II. LOGICAL. The claim of the pro-slaughter forces is that their
concerns are humanitarian and unrelated to financial concerns. There are those
who would disagree with them; for example, Pernell Hopkins, a police officer
specializing in equine investigation, who for two years has monitored
Pennsylvania horse sales that sell to slaughter. Officer Hopkins states in a
letter published in the June 2002 edition of The Horse that slaughter
encourages neglect, and that "Money is the only objective of selling
horses to slaughter. Those of us in the trenches have seen enough."
(Emphasis supplied.) The logical proposition goes this way. We have a potential
perpetrator (one who might abuse a horse) and a potential victim (the horse).
The answer offered by the pro-slaughter forces is to kill the potential victim
so that the potential perpetrator can't perpetrate! Comments here are
unnecessary. Thoroughbreds should be retired, adopted out, or euthanized... we
must end the slaughter of horses.
The pro-slaughter argument that some people can't afford euthanasia really doesn't deserve much attention either. Anyone who believes that it is all right to use a horse until he is unable to be used any longer, and then plead that a humane end that costs less than one month's board is an argument for the perpetuation of this truly horrific cruelty, will agree with them. There are laws on the books in every state whose aim is to protect animals from abuse. If potential abuse is the problem, we who care about horses should redouble our efforts to see that these laws are enforced.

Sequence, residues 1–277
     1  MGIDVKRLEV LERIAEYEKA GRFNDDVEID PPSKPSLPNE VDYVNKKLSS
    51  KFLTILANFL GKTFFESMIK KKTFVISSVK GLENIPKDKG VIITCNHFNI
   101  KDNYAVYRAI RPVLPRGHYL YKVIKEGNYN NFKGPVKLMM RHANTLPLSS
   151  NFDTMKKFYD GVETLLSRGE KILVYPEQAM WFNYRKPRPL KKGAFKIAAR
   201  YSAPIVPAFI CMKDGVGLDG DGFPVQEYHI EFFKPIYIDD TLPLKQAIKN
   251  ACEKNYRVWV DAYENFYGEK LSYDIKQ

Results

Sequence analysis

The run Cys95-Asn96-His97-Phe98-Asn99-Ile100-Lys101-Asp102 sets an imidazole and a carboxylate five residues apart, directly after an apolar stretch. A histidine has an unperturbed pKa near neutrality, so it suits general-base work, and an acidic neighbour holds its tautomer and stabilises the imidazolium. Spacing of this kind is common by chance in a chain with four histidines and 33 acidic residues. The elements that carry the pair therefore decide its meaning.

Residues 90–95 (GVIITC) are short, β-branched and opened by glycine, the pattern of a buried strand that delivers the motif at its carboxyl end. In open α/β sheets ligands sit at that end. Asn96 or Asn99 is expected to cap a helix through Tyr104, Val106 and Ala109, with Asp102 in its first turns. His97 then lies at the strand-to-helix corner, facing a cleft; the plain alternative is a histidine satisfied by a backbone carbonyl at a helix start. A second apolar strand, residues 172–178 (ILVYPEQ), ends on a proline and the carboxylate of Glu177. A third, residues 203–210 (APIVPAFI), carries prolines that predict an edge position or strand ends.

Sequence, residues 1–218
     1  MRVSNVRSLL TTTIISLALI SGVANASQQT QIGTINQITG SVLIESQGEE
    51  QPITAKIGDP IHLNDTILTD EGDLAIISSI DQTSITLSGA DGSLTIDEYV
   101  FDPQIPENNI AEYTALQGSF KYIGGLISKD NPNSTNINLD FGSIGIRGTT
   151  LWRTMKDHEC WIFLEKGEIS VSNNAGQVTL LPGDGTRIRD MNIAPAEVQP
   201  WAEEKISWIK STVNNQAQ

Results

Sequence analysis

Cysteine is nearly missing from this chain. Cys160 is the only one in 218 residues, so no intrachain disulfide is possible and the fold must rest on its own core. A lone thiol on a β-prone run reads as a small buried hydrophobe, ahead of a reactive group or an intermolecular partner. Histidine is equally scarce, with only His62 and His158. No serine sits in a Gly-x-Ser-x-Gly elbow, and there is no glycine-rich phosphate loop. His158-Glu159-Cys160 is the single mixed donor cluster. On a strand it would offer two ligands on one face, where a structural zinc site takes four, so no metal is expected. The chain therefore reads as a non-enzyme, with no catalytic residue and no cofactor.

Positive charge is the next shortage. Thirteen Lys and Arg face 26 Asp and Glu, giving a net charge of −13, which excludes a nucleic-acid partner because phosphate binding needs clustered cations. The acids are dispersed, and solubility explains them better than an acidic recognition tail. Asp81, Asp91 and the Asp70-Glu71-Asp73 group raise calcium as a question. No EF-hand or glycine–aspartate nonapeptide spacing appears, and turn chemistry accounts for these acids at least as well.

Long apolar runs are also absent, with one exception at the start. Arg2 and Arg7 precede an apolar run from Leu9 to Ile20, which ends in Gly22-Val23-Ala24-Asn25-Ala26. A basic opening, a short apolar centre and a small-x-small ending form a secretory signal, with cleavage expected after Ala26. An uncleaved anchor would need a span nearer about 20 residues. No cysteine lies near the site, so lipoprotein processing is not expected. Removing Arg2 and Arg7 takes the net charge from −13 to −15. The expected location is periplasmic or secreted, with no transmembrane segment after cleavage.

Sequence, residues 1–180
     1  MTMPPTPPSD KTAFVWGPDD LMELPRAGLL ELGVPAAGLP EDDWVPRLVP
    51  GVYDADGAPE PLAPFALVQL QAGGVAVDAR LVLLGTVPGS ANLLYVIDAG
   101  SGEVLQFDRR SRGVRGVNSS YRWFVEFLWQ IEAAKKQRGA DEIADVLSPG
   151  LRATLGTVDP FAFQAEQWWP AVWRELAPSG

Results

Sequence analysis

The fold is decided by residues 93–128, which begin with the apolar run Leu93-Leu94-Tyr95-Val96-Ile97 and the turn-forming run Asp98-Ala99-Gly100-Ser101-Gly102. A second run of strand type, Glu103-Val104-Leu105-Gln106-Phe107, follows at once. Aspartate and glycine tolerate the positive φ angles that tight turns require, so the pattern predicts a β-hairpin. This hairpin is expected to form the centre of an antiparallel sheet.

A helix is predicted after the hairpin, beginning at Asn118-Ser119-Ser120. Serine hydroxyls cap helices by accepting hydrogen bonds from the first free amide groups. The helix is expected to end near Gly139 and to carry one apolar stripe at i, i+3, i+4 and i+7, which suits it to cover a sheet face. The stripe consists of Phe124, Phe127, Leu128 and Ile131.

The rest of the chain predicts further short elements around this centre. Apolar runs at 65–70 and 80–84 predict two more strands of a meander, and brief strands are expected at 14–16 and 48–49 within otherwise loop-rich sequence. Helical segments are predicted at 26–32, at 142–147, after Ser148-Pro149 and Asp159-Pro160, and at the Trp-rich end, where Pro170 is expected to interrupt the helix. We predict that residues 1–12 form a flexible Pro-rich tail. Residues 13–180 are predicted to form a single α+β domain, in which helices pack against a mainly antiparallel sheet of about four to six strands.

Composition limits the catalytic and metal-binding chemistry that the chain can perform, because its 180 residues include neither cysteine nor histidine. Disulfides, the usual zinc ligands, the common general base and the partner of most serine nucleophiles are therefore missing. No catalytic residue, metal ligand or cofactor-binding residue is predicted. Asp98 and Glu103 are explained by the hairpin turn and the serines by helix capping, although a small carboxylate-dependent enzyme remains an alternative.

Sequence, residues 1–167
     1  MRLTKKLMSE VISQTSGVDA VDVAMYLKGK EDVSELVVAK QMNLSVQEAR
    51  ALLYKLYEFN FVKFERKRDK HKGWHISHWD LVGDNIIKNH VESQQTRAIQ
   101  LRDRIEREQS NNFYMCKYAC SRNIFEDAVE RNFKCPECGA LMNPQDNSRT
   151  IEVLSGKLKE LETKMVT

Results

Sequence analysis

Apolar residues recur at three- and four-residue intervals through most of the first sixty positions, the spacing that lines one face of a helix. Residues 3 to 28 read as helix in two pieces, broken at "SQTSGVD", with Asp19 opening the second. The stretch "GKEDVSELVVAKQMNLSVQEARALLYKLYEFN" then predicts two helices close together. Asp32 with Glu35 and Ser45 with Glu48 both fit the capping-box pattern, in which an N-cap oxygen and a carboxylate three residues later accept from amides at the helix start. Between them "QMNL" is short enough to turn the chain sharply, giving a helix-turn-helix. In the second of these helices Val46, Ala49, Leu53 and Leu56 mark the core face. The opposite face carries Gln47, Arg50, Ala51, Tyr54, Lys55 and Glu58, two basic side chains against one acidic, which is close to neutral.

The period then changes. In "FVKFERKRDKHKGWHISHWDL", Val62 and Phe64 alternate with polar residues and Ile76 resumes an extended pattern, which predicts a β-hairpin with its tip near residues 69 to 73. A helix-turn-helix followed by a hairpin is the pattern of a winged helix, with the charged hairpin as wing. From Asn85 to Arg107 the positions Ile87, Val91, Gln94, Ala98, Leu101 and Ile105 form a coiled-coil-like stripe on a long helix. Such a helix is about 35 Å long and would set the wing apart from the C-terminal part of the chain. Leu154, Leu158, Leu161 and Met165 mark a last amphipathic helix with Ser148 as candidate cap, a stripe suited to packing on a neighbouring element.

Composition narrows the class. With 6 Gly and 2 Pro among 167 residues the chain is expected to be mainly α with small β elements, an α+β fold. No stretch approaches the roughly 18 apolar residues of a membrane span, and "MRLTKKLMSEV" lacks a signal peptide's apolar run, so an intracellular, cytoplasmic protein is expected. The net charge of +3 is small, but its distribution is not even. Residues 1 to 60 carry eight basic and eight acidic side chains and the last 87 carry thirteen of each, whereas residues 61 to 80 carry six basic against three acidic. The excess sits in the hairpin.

III. CULTURAL. How do we as an industry feel about our horses? Are
we horse lovers? Are these animals, who work for us in one way or another
throughout their entire lives, sensitive and capable of trust, courage, and
generosity of spirit? Or are they fast cows without horns?
It is very common to see Thoroughbreds turned into personalities for promotional purposes, to increase the gate on a given day, for example. "Persimmon likes to have his picture taken"…"Calamity Jane knows when she's won," etc. We've all seen plenty of this kind of thing. We endow them with semi-human characteristics in print and on television when it suits our purposes... then we look the other way when bad things happen. Could this be called hypocritical? Do these animals have these endearing characteristics or don't they? Eating horses is common sense in some cultures but has no place in ours. Almost all horse meat is sent abroad and both slaughter houses now operating in the U.S. are foreign owned. Is it right that we allow our horses to end this way (which involves several days of pain and terror) to supply meat to foreign countries? There are well known fairs which conduct race meets and allow rescue organizations access to their grounds to try and save some of them on the condition that they don't talk about it. If they felt that what is going on was right would this be a condition of access to their grounds?